Since it is God that is providing strength, one more implication is that we are weak. In all our strengths, God is stronger. In areas we deem we have sufficient strength, it may be necessary to reconsider our position. Our self estimation may become a dangerous position for us to reside in.
But I understand that God is One who protects us and provides shelters, even from ourselves. He is overall and superior to us in everyway, though the psalmist focuses on protection and provision in this first verse.
God can (is able) to provide and protect, but is He too far away, is He too busy, or is He not interested? Foolish questions as I write them, yet how often have you quietly thought the same? The psalmist addresses our thoughts, with the very pleasant outcome that God is not only able, but available!
He also is available.
One who can provide and protect, but that isn’t available is of no comfort or use to those who are in danger, to those who are weak and in need. But the psalmist does not describe God as One who is unwilling or unavailable.
The truth of His continual existence gives confidence, but this term does not directly speak only of a continual existence, for we know of God as being the eternal, everlasting One. This term speaks of a One who is not hiding from those who seek Him, but of One who is “findable” (Is that a word?)
When we read the term “present” in this verse, the root meaning in the Hebrew seems to be “to attain”, or “to find”. Could we, without damage to the message the Psalmist is providing us, consider this phrase to be understood as ” a very findable help in trouble”?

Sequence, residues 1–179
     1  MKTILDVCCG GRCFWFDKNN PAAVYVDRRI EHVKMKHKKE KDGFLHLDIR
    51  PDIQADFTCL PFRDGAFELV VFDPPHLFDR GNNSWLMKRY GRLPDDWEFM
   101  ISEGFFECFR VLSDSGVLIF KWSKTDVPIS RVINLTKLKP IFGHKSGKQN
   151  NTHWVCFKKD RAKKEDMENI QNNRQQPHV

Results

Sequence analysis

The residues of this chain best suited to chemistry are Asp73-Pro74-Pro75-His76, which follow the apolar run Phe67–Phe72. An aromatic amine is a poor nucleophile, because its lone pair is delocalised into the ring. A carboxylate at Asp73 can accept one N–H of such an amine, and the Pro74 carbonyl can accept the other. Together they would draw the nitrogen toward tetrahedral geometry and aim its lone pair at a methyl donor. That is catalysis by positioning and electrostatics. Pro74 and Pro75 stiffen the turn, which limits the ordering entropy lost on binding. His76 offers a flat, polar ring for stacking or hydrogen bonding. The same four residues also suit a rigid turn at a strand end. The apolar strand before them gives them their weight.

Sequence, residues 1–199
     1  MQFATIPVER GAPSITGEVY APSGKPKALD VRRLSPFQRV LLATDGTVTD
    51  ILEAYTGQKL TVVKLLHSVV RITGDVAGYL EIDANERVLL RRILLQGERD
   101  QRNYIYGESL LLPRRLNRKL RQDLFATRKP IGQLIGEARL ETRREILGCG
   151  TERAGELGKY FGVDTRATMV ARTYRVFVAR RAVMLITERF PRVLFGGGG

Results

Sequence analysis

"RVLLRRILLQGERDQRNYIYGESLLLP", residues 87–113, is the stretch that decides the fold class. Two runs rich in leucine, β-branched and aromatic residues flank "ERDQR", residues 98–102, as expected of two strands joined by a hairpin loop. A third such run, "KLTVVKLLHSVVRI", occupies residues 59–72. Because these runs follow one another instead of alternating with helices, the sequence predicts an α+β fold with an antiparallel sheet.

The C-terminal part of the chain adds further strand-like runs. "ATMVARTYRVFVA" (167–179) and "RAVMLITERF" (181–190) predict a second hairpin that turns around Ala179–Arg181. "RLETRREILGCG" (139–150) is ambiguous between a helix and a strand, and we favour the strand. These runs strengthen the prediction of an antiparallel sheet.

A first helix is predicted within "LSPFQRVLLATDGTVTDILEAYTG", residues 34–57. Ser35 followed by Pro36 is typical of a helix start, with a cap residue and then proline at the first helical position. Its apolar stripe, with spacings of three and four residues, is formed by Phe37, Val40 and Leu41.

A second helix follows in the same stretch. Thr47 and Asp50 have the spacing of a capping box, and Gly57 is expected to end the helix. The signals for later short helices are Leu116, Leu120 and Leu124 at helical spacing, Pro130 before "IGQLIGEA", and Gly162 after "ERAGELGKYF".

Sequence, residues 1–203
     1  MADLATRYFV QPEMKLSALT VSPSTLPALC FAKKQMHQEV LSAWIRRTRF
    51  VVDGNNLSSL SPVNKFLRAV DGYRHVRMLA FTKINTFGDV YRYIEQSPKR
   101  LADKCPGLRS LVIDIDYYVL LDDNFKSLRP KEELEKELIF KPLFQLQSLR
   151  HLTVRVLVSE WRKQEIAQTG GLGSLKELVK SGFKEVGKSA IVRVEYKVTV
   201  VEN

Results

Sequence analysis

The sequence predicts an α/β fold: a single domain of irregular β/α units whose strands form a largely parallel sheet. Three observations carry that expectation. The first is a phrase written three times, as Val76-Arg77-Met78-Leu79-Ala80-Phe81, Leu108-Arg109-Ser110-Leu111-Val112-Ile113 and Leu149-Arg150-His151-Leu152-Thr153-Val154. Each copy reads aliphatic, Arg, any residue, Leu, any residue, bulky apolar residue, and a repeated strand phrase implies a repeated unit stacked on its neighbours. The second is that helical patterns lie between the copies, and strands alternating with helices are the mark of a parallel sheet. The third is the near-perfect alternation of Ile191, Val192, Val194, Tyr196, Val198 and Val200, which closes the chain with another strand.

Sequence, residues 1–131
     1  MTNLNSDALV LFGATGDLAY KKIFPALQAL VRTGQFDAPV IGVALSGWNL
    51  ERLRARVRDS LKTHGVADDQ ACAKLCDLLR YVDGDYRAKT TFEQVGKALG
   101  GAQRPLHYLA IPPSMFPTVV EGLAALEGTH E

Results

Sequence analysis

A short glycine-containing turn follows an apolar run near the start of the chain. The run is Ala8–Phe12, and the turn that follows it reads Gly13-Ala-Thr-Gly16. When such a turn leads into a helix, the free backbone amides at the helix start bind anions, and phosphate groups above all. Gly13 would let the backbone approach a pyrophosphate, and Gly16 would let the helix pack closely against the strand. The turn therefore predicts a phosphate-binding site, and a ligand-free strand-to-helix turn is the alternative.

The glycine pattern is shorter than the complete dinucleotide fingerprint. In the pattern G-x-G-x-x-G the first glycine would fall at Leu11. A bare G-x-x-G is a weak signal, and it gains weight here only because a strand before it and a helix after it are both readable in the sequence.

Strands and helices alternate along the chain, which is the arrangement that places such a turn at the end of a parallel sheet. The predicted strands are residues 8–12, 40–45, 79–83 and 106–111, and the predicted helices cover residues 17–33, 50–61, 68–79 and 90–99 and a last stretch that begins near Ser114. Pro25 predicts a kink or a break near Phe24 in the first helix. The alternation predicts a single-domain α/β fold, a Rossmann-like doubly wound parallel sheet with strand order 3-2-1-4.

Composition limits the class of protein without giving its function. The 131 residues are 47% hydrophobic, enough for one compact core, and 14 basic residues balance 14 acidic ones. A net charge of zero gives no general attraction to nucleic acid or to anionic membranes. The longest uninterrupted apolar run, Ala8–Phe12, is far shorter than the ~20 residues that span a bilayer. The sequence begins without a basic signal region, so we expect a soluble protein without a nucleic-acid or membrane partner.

This very thought is continued into the New Testament in the book of Hebrews.
Hebrews 4:16 Let us then with confidence draw near to the throne of grace, that we may receive mercy and find grace to help in time of need.
The Hebrews author speaks of the believer finding grace to help. Not only is this passage speaking to the “findability” of help in the Lord, but also of the provision of mercy as we may receive.
Let’s consider verse 2 & 3
We have spent the majority of this post on one phrase within the first verse, and rightly so, for if we understand Who God is, or should I say, if we are learning of Who our God is, (for He is more than we can ever fully know), we can enter into the experience the psalmist describes in the two verses above.
Therefore we will not fear though the earth gives way, though the mountains be moved into the heart of the sea,
though its waters roar and foam, though the mountains tremble at its swelling. Selah
The Psalmist uses the logical term “Therefore” in verse 2, and as a young believer I was taught to always check why the “therefore” was there for! To remember that the message following the “therefore” is based on the previous information, this being the God Who is described in verse 1.
One last dip into verse 1 is important to bring up. He is our refuge and strength. The earlier descriptions focused on Who God is, and rightly so, but in all of that description, we need to come back to the relationship with God that is stated, and upon which the therefore is there for!
No matter the disasters that occur, fear is a decision that is not required to be entered into as a saint belonging to the Living God. But what is the fear caused by?
Earth Giving Way
The psalmist speaks of the earth giving way. That ain’t good, no matter how you slice it! The Hebrew term for earth in this verse is ‘ereṣ, and is translated as “earth” over 700 times in the Old Testament. But the Hebrew word is used over 2,500 times in the Old Testament, with it translated as “land” more than 60% of the time.